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May 21, 1997

Helping City Children Control Asthma

JAMA. 1997;277(19):1503-1504. doi:10.1001/jama.1997.03540430015004

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ASTHMA attacks can be effectively controlled even in the most adverse social circumstances when children and their primary caretakers are counseled properly, according to a national study now being analyzed. About one third of asthmatic children and their caretakers— parents or others—living in inner cities in the United States who participated in an asthma intervention trial had reductions in major symptoms and a significant increase in asthma-free days.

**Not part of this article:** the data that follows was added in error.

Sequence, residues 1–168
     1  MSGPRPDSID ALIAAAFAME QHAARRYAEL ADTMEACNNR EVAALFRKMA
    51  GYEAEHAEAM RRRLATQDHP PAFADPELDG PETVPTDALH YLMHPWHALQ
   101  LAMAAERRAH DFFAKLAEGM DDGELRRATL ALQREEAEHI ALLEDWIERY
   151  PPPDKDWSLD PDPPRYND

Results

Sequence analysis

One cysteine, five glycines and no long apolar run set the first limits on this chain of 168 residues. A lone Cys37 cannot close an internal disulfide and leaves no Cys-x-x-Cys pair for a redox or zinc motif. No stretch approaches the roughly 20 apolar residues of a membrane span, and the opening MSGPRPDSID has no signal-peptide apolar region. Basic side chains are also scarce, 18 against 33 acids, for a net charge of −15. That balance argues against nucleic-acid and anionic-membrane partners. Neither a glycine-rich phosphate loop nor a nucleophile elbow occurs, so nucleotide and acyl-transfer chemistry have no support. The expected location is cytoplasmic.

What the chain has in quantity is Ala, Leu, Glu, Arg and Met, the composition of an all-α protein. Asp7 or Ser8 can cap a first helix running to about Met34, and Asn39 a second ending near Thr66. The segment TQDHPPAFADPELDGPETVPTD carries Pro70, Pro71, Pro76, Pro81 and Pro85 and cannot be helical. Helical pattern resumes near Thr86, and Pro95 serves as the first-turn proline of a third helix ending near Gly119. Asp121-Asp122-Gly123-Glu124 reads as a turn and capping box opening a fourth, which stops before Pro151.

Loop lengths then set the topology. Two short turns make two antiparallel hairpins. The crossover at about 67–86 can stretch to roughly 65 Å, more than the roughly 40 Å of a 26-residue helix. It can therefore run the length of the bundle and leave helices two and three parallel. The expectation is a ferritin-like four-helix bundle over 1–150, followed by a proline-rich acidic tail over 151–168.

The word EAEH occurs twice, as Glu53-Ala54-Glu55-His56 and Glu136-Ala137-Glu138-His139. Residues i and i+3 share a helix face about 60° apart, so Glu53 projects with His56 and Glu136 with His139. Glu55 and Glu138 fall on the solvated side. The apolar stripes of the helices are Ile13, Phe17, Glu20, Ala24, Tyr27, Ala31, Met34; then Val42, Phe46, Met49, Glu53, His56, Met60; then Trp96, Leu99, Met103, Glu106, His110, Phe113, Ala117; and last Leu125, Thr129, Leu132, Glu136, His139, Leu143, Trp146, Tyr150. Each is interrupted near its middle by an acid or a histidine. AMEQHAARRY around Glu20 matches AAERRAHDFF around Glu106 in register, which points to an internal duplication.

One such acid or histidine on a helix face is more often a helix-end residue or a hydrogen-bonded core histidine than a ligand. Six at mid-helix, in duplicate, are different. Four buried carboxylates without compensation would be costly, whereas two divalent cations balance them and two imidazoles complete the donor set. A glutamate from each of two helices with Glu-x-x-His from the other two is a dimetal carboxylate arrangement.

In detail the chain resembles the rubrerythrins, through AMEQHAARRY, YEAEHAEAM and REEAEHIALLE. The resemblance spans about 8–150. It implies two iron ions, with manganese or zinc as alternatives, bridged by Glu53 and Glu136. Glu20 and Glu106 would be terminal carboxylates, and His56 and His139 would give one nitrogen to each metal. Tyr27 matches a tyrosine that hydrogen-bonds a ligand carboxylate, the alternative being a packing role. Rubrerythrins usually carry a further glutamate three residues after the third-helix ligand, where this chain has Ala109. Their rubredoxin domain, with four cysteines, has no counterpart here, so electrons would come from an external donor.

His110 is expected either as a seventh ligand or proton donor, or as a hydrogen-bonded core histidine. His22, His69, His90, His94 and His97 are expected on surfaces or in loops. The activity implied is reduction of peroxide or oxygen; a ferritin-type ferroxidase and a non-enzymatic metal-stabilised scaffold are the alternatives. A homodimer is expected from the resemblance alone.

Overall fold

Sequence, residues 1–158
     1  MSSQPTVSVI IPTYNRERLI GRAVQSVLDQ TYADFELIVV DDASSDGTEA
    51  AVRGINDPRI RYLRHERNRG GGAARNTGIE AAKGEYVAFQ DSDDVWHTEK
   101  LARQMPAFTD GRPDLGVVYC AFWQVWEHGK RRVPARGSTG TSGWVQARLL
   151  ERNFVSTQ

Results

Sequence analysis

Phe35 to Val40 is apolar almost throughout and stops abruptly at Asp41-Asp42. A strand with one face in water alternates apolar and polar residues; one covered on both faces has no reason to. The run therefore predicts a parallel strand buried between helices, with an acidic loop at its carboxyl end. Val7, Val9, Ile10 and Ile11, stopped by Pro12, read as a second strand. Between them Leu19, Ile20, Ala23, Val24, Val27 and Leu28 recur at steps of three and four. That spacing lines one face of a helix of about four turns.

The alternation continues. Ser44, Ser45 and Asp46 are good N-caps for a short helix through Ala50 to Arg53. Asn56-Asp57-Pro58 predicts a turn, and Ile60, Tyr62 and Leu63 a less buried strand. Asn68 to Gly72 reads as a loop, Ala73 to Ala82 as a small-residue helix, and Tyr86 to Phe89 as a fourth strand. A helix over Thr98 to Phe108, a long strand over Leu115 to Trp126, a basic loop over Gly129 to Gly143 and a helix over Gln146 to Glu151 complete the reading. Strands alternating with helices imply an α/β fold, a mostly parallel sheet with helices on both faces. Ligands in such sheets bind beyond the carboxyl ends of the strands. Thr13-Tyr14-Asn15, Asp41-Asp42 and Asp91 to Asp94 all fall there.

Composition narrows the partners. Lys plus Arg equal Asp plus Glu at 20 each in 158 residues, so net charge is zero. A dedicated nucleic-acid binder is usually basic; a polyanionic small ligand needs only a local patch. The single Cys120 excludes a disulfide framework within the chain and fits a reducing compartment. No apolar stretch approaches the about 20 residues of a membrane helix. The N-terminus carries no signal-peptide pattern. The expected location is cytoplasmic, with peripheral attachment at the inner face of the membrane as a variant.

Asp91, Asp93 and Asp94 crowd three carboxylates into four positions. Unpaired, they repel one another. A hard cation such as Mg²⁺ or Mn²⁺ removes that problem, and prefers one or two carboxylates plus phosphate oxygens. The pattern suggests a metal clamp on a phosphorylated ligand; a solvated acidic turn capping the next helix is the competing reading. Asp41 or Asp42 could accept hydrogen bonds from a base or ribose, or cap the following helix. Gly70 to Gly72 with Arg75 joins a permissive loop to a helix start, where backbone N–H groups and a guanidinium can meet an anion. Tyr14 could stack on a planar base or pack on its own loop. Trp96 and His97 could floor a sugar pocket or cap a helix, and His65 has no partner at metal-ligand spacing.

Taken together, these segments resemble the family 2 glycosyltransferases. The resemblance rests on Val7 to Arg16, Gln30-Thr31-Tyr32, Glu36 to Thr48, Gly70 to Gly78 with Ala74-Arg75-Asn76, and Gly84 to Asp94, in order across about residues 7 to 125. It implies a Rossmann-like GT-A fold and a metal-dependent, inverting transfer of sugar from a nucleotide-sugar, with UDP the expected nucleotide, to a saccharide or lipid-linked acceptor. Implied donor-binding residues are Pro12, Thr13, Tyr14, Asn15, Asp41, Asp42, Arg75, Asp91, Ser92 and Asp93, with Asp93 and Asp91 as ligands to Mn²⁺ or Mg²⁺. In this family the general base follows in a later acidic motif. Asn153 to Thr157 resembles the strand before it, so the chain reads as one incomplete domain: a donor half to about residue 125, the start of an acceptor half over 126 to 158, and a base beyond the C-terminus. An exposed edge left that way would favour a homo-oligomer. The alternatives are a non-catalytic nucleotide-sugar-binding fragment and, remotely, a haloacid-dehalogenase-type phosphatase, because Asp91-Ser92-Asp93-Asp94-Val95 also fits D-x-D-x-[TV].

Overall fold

The key to success is the effective use of asthma care counselors who advise how to avoid such triggers of the disease as environmental pollutants and secondhand tobacco smoke. The counselors recommend, for example, that children not play outdoors when the atmosphere is particularly smoggy. They suggest that caretakers attend smoking cessation workshops, or smoke outside the home, or at least smoke away from the child. "It's a hierarchy," H. James Wedner, MD, professor of medicine at Washington University School of Medicine,